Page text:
Ideally, screening should occur immediately following the injury event or as soon as possible. The Military Acute Concussion Evaluation (MACE) is a screening tool for assessing concussion in the deployed setting.1 This assessment takes approximately 10 minutes to administer by a skilled medic/corpsman or a provider.

The MACE alone doesn’t diagnose concussion. When administered properly, it assists in obtaining the event history that later helps providers determine how to proceed with the cognitive screening, symptom screening and neurological evaluation. The Policy Guidance for Management of mTBI/Concussion was developed in June 2011 and is a product used with the MACE for in- theater assessment.

1 Per the Policy Guidance for Management of mTBI/Concussion in the Deployed Setting.

Landstuhl Regional Medical Center (LRMC)

LRMC is a unique medical center as it is the initial stop for service members coming from the field. Service members with significant injuries or non-combat-related medical conditions that require evacuation from theater undergo screening for concussion at LRMC. Center staff members aim to screen all patients (using their standard form and MACE) unless it’s not medically possible. This screening identifies any history of TBI (combat or non-combat related) and the presence or absence of current concussion-related symptoms. Identification of newly symptomatic patients results in triage to a stateside medical facility that can more fully evaluate and, if necessary, provide treatment for concussion. Service members also are referred to LRMC2 if further evaluation is warranted beyond a Level III facility, i.e., Combat Support Hospital. These symptomatic patients are managed in the clinic with the expectation of returning to duty.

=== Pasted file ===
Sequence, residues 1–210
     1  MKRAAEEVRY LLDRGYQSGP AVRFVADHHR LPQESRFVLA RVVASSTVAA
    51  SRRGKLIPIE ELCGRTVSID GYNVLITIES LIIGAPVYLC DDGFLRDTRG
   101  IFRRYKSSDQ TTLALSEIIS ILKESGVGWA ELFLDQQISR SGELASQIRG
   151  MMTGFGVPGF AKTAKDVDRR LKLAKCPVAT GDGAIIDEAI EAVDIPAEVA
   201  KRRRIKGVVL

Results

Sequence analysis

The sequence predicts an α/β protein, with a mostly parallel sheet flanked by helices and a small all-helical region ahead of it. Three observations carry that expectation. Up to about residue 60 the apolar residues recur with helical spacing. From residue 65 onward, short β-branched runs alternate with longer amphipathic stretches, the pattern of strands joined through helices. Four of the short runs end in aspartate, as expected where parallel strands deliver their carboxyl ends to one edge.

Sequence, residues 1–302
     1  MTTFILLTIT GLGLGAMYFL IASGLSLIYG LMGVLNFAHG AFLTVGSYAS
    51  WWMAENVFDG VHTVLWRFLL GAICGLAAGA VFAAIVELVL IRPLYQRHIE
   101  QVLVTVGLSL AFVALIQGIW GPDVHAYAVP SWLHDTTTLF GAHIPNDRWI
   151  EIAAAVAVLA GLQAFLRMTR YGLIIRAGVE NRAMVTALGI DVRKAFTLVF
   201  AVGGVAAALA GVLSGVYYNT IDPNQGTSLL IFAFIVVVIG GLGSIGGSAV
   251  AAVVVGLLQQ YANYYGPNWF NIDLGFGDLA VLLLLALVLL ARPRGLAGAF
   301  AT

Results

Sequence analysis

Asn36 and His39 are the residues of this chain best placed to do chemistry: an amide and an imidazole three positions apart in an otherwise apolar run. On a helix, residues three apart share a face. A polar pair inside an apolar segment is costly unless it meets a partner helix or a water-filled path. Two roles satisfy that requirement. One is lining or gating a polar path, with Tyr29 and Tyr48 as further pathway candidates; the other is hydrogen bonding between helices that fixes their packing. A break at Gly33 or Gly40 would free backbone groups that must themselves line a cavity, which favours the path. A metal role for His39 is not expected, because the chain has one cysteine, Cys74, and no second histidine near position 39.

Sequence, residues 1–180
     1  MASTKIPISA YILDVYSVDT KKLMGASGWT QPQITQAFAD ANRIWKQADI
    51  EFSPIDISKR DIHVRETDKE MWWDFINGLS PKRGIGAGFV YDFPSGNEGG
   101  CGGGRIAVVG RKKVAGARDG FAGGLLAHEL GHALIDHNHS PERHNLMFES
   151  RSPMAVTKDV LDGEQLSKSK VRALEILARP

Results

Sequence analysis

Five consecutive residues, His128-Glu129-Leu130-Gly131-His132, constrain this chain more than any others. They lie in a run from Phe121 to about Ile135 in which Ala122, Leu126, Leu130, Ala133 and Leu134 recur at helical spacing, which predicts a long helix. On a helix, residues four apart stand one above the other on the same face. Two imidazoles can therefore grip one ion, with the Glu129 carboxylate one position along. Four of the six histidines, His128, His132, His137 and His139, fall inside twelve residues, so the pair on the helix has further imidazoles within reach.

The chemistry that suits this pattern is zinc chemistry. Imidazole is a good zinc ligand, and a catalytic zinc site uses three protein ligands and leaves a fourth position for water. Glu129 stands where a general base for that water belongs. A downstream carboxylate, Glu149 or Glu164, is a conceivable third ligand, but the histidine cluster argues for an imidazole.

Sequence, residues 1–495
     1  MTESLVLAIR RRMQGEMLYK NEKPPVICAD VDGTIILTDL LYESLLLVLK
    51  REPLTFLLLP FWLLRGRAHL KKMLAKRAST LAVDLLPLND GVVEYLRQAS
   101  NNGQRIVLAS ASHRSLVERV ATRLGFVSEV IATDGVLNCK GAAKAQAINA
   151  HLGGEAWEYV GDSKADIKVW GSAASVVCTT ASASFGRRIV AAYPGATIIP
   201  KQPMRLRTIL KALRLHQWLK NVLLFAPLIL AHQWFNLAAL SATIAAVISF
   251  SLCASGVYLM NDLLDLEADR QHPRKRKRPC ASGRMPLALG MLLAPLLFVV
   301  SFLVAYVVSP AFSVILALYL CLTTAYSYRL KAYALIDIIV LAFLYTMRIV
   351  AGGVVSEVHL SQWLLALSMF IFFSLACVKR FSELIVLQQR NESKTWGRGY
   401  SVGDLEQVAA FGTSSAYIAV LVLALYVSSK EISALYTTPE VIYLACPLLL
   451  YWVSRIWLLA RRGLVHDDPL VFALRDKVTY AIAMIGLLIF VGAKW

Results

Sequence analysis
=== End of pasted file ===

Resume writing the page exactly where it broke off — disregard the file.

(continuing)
2 Per the Policy Guidance for Management of mTBI/Concussion in the Deployed Setting.


Because concussion isn’t always recognized in the combat setting, screening of active-duty service members also occurs through post-deployment health assessments (PDHA). Included in the PDHA are questions about the occurrence of a head injury event, alteration of consciousness as a result of that event, concussion-related symptoms immediately after the event, and the presence of current concussion-related symptoms. Positive responses on these questions should prompt a clinician interview to more fully evaluate for concussion. Following the PDHA, a service member will also complete a post-deployment health reassessment (PDHRA) to ensure that they’re not still experiencing symptoms that would require further evaluation.